Astronomers used the ground-based interferometer VLTI to measure the mass of a supermassive black hole in a quasar that took 11 billion years for light to reach Earth. Its mass, he estimated, was 320 million solar masses, significantly less than expected based on the mass of its parent galaxy. This suggests that the growth of black holes is slower than that of surrounding galaxies. This paper was published in the journal Nature. Observations of galaxies in the local universe containing supermassive black holes show that they are coevolving. The main mechanism explaining this relationship is the effect on the star formation rate of the active core, where the black hole absorbs matter and causes an outflow of matter and energy from the center of the galaxy. One of the important areas of research on the relationship between black holes and galaxies is the cosmic noon that experienced active star formation and black hole growth 8 to 12 billion years ago (redshifts z = 1 to 3). Observation of galaxies that existed. . A team of astronomers led by Robert Abter of the European Southern Observatory has announced their measurements of the mass of the supermassive black hole at z = 2.32 in the bright quasar SDSS J092034.17+065718.0 (or J0920). Researchers used the GRAVITY+ instrument and the ground-based interferometer VLTI, a combination of four 8-meter VLT telescopes, to track the velocity of gas moving near the black hole and compare observations to kinematic models. and estimated the mass of the black hole. . J0920 is one of the brightest quasars with a redshift of z~2. This is easily observed in the thick, moderately tilted disk of gas around a 3.2 x 108 solar mass black hole that accumulates material in a super-Eddington mode. In this case, the stellar mass of the parent galaxy is 6 × 1011 solar masses. Therefore, it may have grown faster than the black hole, suggesting that there is a lag between galaxy formation and the black hole.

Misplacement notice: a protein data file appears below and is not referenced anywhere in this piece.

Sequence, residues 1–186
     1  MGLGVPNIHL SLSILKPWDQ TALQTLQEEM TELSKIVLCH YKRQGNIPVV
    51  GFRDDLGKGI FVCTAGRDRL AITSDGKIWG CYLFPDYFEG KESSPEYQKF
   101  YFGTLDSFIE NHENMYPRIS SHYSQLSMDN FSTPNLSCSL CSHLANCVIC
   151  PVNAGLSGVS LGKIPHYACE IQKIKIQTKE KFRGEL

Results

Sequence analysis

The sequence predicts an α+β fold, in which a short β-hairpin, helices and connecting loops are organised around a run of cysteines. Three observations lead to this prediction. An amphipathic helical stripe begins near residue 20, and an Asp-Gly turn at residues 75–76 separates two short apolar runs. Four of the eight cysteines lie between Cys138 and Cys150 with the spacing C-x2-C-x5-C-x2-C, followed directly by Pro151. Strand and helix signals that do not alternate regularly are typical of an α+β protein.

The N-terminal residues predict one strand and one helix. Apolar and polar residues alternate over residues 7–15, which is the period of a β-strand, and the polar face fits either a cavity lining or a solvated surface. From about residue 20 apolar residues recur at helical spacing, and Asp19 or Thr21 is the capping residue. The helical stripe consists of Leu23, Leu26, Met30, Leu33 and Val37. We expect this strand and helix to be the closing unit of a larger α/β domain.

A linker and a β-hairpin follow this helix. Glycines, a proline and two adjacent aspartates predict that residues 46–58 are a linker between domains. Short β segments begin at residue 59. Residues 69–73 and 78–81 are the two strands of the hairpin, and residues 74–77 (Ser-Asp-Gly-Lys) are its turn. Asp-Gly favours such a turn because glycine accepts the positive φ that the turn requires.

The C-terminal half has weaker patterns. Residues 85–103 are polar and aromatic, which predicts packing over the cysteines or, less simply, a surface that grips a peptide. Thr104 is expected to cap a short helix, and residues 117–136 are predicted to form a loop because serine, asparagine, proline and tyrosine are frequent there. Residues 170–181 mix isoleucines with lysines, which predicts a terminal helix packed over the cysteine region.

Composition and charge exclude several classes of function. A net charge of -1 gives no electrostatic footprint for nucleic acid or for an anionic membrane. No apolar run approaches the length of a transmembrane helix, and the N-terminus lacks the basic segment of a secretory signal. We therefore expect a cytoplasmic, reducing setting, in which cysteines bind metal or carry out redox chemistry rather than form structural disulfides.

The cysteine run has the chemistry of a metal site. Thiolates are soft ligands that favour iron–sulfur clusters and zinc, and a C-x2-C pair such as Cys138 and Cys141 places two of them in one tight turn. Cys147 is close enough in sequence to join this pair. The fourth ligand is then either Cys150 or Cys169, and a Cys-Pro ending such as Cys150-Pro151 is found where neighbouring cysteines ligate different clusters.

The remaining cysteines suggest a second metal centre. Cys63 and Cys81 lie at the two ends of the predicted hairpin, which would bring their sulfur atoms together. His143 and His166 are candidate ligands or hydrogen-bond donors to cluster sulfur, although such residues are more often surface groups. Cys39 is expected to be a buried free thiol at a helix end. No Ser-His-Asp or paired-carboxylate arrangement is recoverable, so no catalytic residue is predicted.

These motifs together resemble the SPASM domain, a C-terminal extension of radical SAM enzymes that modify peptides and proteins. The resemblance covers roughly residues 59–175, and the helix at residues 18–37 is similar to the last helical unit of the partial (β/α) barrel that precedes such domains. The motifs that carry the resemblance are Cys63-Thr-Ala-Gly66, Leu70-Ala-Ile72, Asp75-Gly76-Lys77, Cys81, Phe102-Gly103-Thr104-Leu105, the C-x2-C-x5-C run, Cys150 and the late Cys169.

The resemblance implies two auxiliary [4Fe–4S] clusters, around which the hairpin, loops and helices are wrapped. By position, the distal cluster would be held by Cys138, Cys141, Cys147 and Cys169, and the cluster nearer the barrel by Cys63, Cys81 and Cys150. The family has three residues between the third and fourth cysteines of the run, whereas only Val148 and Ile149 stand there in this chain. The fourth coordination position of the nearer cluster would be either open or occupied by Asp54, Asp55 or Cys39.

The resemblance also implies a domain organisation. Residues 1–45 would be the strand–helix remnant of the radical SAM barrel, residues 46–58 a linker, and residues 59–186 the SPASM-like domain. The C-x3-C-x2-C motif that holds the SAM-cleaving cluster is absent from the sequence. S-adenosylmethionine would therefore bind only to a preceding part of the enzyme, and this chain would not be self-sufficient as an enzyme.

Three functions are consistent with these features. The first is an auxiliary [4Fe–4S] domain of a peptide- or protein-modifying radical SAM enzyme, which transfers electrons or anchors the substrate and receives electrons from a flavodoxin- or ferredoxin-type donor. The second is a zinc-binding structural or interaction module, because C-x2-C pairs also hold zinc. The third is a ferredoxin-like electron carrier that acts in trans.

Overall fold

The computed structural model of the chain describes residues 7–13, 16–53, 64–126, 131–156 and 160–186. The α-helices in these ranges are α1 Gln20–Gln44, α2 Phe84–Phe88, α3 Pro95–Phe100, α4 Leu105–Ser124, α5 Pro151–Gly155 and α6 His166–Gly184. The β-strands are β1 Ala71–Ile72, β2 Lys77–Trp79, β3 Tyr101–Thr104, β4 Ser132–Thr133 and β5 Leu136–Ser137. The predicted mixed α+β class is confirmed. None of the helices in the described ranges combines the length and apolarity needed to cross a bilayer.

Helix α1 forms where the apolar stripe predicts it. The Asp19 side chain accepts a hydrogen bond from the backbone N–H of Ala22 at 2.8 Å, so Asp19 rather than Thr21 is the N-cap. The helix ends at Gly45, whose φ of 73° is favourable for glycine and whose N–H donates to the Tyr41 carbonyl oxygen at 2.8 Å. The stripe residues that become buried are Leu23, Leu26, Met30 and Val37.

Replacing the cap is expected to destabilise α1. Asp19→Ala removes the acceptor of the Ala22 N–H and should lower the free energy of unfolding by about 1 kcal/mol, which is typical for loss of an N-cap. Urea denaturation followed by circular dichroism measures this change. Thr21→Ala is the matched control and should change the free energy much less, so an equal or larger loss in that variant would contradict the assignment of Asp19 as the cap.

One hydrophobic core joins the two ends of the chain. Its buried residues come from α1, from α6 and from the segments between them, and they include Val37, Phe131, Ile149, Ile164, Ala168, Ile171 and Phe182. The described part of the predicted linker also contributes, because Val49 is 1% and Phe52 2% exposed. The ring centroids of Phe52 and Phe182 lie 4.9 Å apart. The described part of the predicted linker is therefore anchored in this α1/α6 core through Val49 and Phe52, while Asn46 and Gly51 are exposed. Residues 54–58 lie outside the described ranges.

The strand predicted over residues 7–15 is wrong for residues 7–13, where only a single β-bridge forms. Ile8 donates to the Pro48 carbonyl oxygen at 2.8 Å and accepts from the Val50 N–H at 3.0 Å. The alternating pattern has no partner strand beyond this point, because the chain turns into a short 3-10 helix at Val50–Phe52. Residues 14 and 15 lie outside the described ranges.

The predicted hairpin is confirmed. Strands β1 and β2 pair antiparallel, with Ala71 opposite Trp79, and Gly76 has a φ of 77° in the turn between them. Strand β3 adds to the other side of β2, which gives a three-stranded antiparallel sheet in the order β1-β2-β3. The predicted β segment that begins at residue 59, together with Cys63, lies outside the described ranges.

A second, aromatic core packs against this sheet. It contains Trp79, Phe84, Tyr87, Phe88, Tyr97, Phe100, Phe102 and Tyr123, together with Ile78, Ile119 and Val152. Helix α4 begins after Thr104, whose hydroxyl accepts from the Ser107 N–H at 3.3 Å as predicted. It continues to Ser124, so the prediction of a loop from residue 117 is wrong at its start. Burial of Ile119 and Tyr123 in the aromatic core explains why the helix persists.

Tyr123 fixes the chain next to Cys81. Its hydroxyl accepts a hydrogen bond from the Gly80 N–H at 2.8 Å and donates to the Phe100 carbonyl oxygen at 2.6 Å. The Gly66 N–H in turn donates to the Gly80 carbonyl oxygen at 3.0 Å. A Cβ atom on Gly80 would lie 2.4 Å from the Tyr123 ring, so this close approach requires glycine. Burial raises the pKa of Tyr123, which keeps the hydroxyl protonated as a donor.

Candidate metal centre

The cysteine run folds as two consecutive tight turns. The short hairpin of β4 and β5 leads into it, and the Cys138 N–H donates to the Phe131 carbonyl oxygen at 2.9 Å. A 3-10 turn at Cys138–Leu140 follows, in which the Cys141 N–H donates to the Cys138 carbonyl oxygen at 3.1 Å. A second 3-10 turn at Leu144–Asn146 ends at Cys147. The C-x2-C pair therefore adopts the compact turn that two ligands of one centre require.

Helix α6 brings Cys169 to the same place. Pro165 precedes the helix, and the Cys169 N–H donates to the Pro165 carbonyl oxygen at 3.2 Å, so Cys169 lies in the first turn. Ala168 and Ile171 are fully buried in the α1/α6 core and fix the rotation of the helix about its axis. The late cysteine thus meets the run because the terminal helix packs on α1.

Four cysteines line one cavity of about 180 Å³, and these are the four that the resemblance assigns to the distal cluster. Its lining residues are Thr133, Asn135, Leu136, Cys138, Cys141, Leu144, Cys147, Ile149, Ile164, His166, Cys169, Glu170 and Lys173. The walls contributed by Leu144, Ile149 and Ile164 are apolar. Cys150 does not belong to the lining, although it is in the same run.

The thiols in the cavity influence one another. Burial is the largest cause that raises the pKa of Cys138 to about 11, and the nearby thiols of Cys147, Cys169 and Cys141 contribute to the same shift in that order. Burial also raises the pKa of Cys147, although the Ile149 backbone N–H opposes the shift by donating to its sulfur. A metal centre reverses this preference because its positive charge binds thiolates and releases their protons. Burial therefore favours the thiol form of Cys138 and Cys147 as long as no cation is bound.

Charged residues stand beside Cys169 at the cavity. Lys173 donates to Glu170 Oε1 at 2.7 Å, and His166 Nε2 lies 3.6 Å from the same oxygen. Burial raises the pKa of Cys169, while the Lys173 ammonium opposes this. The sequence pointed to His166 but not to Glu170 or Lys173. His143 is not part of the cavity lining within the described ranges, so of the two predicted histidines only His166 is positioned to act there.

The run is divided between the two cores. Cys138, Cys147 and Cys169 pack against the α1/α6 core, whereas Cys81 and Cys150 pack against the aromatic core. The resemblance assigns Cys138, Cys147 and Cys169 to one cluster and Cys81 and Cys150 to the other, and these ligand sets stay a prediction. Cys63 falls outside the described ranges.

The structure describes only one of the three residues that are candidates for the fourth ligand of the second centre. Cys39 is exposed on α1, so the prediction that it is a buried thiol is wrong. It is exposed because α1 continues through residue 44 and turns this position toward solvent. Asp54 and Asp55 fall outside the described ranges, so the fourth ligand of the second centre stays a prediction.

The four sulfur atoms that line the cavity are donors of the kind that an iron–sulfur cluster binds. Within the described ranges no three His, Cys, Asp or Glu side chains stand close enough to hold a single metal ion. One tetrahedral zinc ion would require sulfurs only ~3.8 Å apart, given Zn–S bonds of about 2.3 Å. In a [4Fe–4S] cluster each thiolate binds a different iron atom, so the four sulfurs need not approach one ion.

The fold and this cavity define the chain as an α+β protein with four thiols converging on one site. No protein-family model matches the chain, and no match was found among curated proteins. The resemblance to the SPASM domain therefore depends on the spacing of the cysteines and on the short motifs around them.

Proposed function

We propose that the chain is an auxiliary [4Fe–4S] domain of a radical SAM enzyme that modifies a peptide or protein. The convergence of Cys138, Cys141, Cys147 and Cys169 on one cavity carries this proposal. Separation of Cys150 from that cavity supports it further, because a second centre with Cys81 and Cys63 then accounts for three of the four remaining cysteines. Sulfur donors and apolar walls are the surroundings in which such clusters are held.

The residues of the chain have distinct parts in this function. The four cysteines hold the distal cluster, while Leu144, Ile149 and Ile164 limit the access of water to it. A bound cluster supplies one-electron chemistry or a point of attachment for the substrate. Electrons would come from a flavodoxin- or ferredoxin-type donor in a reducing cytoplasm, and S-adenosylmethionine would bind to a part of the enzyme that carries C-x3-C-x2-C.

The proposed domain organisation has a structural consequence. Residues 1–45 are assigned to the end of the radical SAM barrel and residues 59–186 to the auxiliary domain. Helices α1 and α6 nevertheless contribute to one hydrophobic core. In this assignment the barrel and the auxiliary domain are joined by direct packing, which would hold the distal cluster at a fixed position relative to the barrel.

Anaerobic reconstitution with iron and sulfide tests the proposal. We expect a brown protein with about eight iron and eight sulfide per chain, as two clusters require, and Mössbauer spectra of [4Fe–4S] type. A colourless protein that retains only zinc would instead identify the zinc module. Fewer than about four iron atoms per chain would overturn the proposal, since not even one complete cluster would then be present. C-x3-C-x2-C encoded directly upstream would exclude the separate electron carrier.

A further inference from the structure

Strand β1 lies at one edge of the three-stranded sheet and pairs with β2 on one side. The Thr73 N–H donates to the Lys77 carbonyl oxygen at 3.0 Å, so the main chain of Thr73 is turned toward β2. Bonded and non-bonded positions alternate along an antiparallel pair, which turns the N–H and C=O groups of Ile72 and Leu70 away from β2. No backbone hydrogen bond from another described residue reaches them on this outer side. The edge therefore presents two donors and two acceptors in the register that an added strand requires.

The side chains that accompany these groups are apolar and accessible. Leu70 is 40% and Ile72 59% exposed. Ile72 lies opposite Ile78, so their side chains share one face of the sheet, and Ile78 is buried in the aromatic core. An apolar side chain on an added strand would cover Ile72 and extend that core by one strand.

J0920’s black hole is unlikely to continue accreting matter at a very high rate for a long time (107 years) until it becomes an early (elliptical or lenticular) galaxy in the local universe. Most likely, episodes of galactic nuclear activity last longer (108 years) and are characterized by moderate accretion rates.